On the subject of vine growing, Prof Mario Fregoni has published a very important article in the journal VQ: “The thinking heads of the vine” – The vine has two brains. Knowing and taming them is fundamental for obtaining quality results in viticulture. These two critical areas are at the two extremities of the plant: the vegetative and root apices. Moreover, the cells of these apices, which carry out meristematic functions (cell division, therefore growth), have recently been identified as stem cells, like human or animal ones. The two nerve centres are subjected to two opposite attractions: those of the vegetative apices of the shoots towards light (positive phototropism) and those of the root apices towards the earth’s centre (positive geotropism). Therefore, the sun, light and earth exercise an attraction that allows photosynthesis and water and mineral absorption. It follows that management of the canopy and root apparatus influences plant physiology and fruit quality.

    For example, trimming the vegetative apices, which multiplies the thinking heads at the top (with the production of other apices), inasmuch as the vine cannot remain acephalous. But how do the opposite apices, at the roots, respond? They cannot be pruned and multiplied, however they can be encouraged by choosing soils that allow maximum root development (double that of the canopy), especially deep down, where water absorption is more constant and mineral absorption is different to that on the surface.

    Surface growth of roots (wet, fertile, clayey and compact soils) is unnatural and goes against the geotropic tap-root angle. The rupestris, with a narrow geotropic angle, has been a great rootstock, able to give lots of mineral character to wines. The use of rootstocks with wide geotropic angles has been a mistake, caused by the need to adapt vines to unsuitable soils.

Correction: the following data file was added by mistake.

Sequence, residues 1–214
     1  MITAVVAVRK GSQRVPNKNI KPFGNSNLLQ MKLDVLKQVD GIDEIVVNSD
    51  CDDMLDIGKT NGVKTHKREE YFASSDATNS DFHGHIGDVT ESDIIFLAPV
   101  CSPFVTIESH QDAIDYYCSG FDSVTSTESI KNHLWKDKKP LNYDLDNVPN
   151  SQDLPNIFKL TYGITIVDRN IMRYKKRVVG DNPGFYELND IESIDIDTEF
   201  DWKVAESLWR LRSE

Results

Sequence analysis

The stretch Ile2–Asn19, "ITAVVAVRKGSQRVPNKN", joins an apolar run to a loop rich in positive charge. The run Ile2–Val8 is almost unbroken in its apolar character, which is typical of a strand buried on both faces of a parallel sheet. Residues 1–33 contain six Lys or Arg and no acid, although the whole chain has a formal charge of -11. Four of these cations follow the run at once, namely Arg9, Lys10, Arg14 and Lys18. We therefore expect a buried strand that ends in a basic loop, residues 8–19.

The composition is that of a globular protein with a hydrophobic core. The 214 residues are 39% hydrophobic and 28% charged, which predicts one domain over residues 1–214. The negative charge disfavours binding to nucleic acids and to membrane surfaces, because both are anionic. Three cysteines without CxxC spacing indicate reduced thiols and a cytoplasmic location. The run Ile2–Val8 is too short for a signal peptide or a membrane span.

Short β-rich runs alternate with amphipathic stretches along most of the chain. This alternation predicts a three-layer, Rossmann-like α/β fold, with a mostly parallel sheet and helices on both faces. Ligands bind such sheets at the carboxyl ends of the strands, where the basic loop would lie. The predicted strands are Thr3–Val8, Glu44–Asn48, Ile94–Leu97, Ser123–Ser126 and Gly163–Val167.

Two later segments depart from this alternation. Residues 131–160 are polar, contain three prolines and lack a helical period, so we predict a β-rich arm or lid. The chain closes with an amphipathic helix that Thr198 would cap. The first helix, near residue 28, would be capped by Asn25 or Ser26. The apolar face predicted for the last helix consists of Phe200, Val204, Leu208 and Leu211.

The selection of tap-rooted rootstocks could reverse the general tendency and give deeper roots. Surface roots encourage high shoot vigour and deep roots give moderate vigour and therefore quality. This basically means that the activity of the shoot apices depends on the structure and nature of the soil. Poor, stony, loose, deep soils that allow roots to develop a natural attraction towards the centre of the earth are ideal for obtaining a balance between the root apices and shoot apices. Balanced vineyards do not need much shoot thinning, especially vine topping, and their growth stops at veraison.

     

    These considerations enable us to reaffirm that a suitable terroir is still an indispensable condition for obtaining quality. In this terroir, the climate (sun) and the soil are dominant factors in the mechanism that determines the genius loci, i.e. the nature of a place that creates the highest quality, based on the balance between the extreme thinking heads of the vine.

     

    I believe that knowing the writer’s well-reasoned concepts is absolutely essential for every vine worker who wants to produce grapes suitable to be made into an excellent wine; I would also suggest buying the most important book on grape quality: “Viticoltura di qualità” (Quality Viticulture) by Prof. Mario Fregoni.

    We can’t talk about quality without dealing with human health and therefore praising the “Mediterranean Diet”, a source of wellbeing. We must never forget that we are what we eat and drink and that inflammation, illness and various ailments are due to stress and pollution, but above all what we eat and drink. But first of all it is necessary to know how natural and healthy the raw materials are which are used to make the food and drinks we consume; there are raw materials rich in antioxidant substances but if these raw materials are grown with pesticides, weedkillers and pollutants what effect do they have on the product we eat?

     

    This is one of the themes we are carrying forward with research and specific studies.

    What do you think?

    P.S.: excuse my continual quotes but the ceremony of 8th March 2017 in Rome was really exciting for me.